Prof. Endres: A major research area is the development of so-called drop-ins. These are bio-based plastics which are identical in structure with their petrochemical counterparts, for example, polyethylene or PET made from bio-alcohol. Technically they offer the same properties as conventional plastics but ecologically they are better as they are bio-based, that means renewable.

In their plastics strategy, the EU focuses on recycling. Is that a problem for bioplastics?

Prof. Endres: Bioplastics can also be separated in the waste stream, recycled and made into new products. If they are composted or even burned, it is still natural recycling of the carbon by means of photosynthesis. When we recycle petrochemical plastics, the carbon is recycled technically. Drop-ins can also be recycled easily together with their petrochemical counterparts. Apart from this we have novel bioplastics, such as PLA. PLA must – just like any other plastics material – be separated from the waste stream. That means recyclability depends on the amount of available material. PLA is easily identifiably in the waste stream; it can be recycled, but due to the small amount it is currently not worthwhile to include a special sorting stage for PLA.Recycling of PET, for example, only developed with the rising amount of PET.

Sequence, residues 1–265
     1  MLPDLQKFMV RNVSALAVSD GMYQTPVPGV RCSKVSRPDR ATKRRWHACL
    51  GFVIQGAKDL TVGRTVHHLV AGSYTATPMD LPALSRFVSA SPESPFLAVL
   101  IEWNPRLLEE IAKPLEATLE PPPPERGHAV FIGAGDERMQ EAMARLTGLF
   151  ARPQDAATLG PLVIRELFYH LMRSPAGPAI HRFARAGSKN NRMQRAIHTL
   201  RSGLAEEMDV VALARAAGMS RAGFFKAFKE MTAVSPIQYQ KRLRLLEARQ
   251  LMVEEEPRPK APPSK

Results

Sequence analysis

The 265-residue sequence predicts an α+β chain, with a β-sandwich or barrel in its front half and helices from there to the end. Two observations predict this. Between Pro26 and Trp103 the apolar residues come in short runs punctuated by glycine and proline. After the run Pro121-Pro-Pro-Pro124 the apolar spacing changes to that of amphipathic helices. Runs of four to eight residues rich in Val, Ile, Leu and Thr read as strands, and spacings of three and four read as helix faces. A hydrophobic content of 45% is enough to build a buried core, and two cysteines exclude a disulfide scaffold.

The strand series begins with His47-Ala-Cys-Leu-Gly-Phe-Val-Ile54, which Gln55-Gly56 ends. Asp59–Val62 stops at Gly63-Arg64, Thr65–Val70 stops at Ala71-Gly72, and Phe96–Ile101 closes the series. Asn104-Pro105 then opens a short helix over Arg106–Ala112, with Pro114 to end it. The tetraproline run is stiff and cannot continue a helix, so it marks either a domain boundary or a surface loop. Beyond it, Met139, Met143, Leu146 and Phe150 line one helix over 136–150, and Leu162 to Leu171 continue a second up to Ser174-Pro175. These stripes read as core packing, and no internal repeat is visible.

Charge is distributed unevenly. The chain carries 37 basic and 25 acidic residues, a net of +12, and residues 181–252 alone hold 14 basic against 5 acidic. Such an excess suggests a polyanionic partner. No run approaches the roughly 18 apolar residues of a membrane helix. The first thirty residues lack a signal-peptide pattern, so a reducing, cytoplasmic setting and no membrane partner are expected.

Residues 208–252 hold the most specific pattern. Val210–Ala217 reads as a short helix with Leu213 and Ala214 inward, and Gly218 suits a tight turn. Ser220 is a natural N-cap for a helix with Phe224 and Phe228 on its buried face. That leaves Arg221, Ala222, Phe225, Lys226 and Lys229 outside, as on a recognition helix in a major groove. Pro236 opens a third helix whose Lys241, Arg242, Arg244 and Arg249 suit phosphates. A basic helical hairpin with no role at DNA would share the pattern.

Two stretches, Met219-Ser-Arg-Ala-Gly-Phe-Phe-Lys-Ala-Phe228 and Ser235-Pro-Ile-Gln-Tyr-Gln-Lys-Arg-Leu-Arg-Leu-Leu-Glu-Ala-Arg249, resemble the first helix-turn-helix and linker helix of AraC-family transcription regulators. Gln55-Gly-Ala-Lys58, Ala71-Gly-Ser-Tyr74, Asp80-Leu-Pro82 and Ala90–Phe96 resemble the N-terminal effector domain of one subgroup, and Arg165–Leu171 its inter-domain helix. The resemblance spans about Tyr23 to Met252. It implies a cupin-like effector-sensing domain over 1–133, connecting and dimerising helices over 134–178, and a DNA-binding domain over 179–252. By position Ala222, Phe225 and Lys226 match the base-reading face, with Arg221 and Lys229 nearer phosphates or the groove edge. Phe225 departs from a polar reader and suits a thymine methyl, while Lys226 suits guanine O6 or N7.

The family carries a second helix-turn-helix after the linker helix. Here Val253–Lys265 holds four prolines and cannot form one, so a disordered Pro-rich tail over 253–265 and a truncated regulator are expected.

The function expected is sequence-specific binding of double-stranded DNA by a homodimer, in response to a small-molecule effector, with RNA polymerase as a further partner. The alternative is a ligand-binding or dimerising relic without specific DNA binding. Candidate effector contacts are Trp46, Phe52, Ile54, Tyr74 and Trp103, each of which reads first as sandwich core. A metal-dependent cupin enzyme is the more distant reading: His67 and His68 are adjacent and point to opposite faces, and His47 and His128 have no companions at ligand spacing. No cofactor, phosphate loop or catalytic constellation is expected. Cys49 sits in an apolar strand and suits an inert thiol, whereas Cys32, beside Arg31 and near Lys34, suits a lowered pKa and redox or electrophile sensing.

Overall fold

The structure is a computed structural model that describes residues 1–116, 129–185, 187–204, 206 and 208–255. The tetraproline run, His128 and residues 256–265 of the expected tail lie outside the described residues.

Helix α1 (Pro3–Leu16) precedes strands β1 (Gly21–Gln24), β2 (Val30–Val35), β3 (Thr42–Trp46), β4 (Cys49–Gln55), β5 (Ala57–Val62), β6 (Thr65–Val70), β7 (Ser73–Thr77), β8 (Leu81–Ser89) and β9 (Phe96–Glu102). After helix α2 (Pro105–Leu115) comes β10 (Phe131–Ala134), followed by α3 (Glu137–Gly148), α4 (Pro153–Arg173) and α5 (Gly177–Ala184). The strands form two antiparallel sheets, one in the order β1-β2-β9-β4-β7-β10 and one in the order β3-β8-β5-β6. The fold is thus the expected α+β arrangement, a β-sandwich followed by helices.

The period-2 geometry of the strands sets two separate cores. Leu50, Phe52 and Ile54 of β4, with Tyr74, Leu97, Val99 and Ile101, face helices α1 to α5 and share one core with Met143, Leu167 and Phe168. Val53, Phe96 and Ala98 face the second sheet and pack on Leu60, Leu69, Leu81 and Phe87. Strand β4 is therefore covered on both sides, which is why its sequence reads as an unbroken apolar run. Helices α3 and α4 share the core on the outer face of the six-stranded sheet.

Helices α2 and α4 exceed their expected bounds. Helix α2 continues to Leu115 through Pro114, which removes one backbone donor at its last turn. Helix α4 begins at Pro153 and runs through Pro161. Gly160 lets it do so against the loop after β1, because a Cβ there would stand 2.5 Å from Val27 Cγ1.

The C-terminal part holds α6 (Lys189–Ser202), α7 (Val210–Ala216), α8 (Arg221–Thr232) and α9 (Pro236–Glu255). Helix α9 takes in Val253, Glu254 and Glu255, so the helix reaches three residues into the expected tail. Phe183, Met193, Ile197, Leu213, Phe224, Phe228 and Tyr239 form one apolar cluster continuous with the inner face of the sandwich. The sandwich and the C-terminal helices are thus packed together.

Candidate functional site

Research is also taking place in the field of bio-composites. What is their advantage over other material composites?